GLOBAL - Pension funds and other asset owners are increasingly looking for asset managers to incorporate climate change policies into their investment practices, a new survey of investors with some $12trn in assets shows.
The survey of investors and asset managers on climate change was carried out by Mercer and commissioned by the Institutional Investor Group on Climate Change (IIGCC), the North American Investor Network on Climate Risk (INCR) and the Australia/New Zealand Investor Group on Climate Change (IGCC).
The report found pension funds served as a key driver behind changes to asset managers' investment practices. Over three-fourths (77%) of asset owners considered whether or not their managers integrated climate change into their policies. However, only 18% of institutional investors have a formal process in place to assess new managers.
Ole Beier Sørensen, chairman of the IIGCC and head of research and strategy at the Danish pension fund ATP said: "It is encouraging that climate change is becoming a more strategic issue with the majority of asset owners and asset managers. They increasingly view climate change as a material investment risk/opportunity. However, to address the risks and opportunities arising from climate change, investors must have the tools to take meaningful action.
More than anything investors need stable and transparent policy frameworks which provide clarity and certainty. A number of countries and regions are moving in the right direction, but there is still a long way to go. Policy makers need to remove barriers to low carbon investment and they need to create a relatively predictable price on carbon."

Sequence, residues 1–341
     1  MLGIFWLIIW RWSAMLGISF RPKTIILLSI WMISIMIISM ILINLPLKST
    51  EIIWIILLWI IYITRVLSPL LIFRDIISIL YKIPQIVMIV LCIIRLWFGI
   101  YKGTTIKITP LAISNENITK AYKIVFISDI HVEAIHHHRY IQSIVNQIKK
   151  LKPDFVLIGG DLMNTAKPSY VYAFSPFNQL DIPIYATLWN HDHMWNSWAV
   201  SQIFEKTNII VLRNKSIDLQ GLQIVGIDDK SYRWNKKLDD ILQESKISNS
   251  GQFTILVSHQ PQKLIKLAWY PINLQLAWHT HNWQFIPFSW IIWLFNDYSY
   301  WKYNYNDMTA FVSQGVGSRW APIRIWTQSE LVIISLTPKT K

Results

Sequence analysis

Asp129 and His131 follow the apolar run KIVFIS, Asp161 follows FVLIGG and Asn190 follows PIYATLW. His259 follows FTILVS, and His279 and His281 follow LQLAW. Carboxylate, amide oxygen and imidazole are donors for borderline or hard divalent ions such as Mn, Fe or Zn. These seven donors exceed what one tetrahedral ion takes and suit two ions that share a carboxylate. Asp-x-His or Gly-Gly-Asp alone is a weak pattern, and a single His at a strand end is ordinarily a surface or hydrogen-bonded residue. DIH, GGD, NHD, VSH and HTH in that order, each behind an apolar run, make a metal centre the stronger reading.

National policy is one of the reasons US investors seem to lag behind those in Europe, Australia and New Zealand.
The report says: "As a result of stronger climate policy in the EU, specifically in relation to carbon pricing and renewable energy policy, there is greater integration of climate change across the portfolio from European investors. In Australia the lack of carbon pricing system and a less certain regulatory environment is a concern, although there is an increasing focus from investors on policy advocacy and addressing the physical impacts of climate change.
In the US the lack of coherent climate policy means investors are focused on engaging with companies, particularly with regards to improving disclosure, rather than integrating climate change into valuations or actively encouraging investment managers to do so."
The release of the report comes just days after more than two dozen major institutional investors in the US asked the Russell 1000 companies to actively embrace the "new reality" of ESG risks.
In a jointly-signed letter, investors including the California Public Employees Retirement System and California State Teachers' Retirement System - as well as Calvert Asset Management, Walden Asset Management, Pax World Management Corp. and Generation Investment Management - called on companies to address environmental, social and governance issues in both their actions and required investor disclosures. (Global Pensions; 10 June 2011)
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